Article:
Ergonomics and Working from Home
One million people take time off work every year because of musculoskeletal injuries (also referred to as work-related musculoskeletal disorders), or disorders that affect the movement of the human body. This results in lost wages and decreased productivity. It can also increase your risk of incurring a more severe injury later on.
Improving ergonomics in the workspace has been proven to decrease the risk and severity of musculoskeletal injuries. Making just a few simple tweaks to your office space can help you avoid unnecessary trips to the doctor’s office down the road.
Ergonomics is defined as the science of arranging the things people use so that interaction between people and things is most safe and efficient.
In the work environment, ergonomics examines the way people fit into their workspace. Understanding ergonomics helps us design spaces to better accommodate us and prevent repetitive strain injuries.
Our bodies are not designed to sit as much and for as long as we do. However, improving the ergonomics of your working environment can improve your tolerance for prolonged sitting.
Some common ergonomic risk factors of sitting improperly are strain on the lumbar, changes to posture, a restricted range of motion, a decline in cardiovascular fitness and physical strength, and permanent physical disability.
Perching over your kitchen counter, sitting on your couch, or laying in bed with your laptop may sound comfortable, but all of these workspaces increase your chances of developing pain, discomfort, and repetitive strain injury. While you may not have access to the ergonomic equipment of the office while working from home, it’s important to make sure your at-home workspace is sufficient to protect you from a long-term injury. If you don’t already have a desk set up, then this will be the first step for you in creating an ergonomically sound working environment for yourself.
You should be working on a flat surface in a seat with ample back support. Your desk should be high enough to comfortably accommodate your legs underneath. Your chair height, arm rests, and backrests should all be adjustable.
We know it’s hard to avoid the temptation of a plush chair, but there are a few ways to make a supportive chair feel plush. First of all, you can put a thin pillow underneath your seat. For the back of the chair, try folding a fluffy towel and draping it over. If you need additional lumbar support, you can try placing a soft cushion or rolled towel between the back of the seat and your lower back. The cushioning should be compatible with the natural curvature of your spine.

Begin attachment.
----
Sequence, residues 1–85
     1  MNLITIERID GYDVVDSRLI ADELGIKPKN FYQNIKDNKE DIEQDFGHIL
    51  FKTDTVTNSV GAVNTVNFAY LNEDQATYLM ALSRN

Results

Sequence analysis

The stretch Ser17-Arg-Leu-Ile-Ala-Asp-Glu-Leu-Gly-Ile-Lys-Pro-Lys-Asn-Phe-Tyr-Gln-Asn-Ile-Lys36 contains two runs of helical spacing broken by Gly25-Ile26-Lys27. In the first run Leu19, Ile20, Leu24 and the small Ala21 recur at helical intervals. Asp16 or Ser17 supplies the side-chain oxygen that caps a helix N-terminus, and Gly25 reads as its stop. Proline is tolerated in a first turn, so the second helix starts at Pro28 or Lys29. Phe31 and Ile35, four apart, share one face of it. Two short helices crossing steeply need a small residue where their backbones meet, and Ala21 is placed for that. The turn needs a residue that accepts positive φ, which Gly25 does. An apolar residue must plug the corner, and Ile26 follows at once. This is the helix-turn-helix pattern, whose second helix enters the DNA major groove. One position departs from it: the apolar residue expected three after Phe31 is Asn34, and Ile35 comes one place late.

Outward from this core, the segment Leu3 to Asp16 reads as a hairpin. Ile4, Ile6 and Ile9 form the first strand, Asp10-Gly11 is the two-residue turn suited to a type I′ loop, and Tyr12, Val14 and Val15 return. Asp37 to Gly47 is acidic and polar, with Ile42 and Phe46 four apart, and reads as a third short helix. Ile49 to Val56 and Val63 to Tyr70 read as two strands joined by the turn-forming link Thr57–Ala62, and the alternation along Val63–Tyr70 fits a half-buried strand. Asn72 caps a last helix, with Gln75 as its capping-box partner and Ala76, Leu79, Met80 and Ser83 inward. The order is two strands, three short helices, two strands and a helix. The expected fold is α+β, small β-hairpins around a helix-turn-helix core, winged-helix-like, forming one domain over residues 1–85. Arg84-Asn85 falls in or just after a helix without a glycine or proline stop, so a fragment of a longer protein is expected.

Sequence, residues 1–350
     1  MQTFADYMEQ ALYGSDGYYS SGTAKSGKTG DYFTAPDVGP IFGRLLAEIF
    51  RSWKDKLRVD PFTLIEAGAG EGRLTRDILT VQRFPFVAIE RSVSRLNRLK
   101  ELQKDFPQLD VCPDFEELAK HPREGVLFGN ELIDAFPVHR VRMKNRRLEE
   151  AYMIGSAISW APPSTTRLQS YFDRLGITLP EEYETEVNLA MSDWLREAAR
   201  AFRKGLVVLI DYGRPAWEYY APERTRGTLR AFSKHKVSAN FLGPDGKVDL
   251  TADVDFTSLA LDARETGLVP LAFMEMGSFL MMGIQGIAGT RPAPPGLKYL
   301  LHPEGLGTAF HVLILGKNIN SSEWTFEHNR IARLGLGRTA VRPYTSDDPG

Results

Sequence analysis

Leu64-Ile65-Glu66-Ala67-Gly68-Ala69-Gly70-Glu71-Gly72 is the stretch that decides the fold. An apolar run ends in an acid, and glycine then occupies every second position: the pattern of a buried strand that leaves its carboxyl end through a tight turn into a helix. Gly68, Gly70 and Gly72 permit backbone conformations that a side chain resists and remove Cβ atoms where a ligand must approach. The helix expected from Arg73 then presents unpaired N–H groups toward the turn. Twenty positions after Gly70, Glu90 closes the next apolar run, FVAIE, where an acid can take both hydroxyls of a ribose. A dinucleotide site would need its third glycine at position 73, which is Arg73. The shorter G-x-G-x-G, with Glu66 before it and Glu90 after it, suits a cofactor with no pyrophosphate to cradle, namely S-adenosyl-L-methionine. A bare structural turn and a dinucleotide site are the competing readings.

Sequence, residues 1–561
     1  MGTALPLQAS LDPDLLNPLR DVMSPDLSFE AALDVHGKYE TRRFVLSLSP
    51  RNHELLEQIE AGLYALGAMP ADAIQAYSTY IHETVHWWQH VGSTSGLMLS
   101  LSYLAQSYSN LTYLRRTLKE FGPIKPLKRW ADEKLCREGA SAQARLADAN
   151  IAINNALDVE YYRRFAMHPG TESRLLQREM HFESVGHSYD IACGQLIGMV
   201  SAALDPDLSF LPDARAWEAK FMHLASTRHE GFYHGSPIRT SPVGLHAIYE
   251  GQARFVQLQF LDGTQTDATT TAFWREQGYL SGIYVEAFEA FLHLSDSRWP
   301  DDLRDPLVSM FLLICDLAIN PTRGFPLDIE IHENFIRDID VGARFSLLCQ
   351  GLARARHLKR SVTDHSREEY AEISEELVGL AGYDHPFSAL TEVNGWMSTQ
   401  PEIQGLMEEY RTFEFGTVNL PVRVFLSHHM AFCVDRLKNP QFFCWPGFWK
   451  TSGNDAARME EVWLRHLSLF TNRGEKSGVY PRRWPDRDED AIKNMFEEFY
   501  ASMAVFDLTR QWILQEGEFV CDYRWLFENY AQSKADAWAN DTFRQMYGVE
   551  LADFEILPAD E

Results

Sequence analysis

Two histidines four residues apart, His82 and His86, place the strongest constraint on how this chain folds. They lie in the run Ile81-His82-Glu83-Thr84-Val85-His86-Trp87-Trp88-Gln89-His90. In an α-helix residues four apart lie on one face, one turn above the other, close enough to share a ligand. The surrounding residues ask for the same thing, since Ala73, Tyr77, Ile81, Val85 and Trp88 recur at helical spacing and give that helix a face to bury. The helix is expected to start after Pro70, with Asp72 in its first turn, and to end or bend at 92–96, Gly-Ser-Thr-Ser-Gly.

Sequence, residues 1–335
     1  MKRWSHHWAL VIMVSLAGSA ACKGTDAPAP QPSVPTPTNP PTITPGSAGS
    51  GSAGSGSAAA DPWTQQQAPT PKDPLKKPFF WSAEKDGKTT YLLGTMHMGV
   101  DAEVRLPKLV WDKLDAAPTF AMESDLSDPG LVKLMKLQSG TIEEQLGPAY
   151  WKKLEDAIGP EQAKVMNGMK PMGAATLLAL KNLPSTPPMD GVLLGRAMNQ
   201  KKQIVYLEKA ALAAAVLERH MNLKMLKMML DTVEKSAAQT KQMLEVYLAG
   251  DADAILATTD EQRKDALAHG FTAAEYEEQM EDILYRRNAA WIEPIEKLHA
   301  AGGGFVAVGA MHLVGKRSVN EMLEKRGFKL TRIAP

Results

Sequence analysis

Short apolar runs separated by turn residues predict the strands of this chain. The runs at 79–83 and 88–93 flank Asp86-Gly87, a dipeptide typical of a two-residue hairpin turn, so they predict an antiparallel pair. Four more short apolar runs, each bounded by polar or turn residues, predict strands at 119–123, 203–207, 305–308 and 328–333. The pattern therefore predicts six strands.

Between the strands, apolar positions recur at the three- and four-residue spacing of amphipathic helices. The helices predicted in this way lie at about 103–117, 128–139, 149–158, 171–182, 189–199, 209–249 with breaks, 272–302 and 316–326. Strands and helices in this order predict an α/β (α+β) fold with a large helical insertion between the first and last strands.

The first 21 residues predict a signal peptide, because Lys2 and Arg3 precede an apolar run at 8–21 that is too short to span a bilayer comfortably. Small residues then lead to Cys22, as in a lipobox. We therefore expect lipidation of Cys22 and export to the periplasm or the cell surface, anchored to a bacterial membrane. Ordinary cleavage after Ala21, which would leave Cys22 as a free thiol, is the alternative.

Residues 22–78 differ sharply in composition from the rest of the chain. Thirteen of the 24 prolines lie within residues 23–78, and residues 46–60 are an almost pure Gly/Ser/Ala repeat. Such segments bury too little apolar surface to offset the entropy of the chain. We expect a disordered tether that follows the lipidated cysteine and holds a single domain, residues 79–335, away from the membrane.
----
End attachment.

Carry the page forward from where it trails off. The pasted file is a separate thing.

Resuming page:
Your mouse and keyboard should be separate from your computer screen if possible. A mouse rest with forearm support is preferred. When you are typing, your shoulders and arms should be relaxed. Your elbows should be able to rest either on the desk surface or on arm rests that are just slightly below desk height.
Elevate your monitor or laptop screen so that it is eye level. If the screen is not adjustable, you can do this using shoeboxes or books. Place any tools you might need, such as a phone or calculator, nearby to minimize reaching. (If you can’t comfortably reach something while sitting, then it is better to stand up to get it.)
Avoid cradling your phone between your ear and your shoulder. Opt to use a headset instead.
Remember to maintain good posture and not to lean forward for an extended period of time. Your eyes should maintain a 90 degree angle with the computer screen and your feet should be planted flat on the floor. While stretching your legs out or resting your feet on a surrounding surface might feel good, it’s a bad habit. If you are unable to rest your feet flat on the floor,invest in a small footstool for this area.
Finally, ensure you are taking at least a 5 to 10 minute break every hour to walk around and stretch out your hands, wrists, forearms, neck, shoulders, back, sides, and legs. We can schedule an ergonomic assessment at home or virtually, a certified kinesiologist can show you an array of stretches and exercises to do.
Consider Getting an Ergonomic Assessment
If you’re experiencing frequent headaches, carpal tunnel syndrome, or pain in your back, neck, or shoulders, then we highly recommend you book an ergonomic assessment with one of our certified kinesiologists. If you are a business owner with employees working from home, you might consider offering to book an ergonomic assessment for them as well.
During your assessment, your kinesiologist will review your concerns, pre-existing injuries, work history and daily tasks. We’ll assess your workspace and help you set up an ergonomically functional one, taking into consideration the ways you like to work. Finally, we’ll recommend ways you can improve your posture and environment and educate you on preventative measures you can take, like exercise breaks and targeted stretches. If you’re already suffering from a repetitive stress injury, we’ll explore ways you can reduce the effects.
Ergonomic assessments are available virtually or in-person! Give us a call at 1-833-U-R-Heard today or book your appointment through our digital platform here. We look forward to working with you!
Header: Ergonomics and Working from Home
Meta: Improving ergonomics in the workspace has been proven to decrease the risk and severity of musculoskeletal injuries.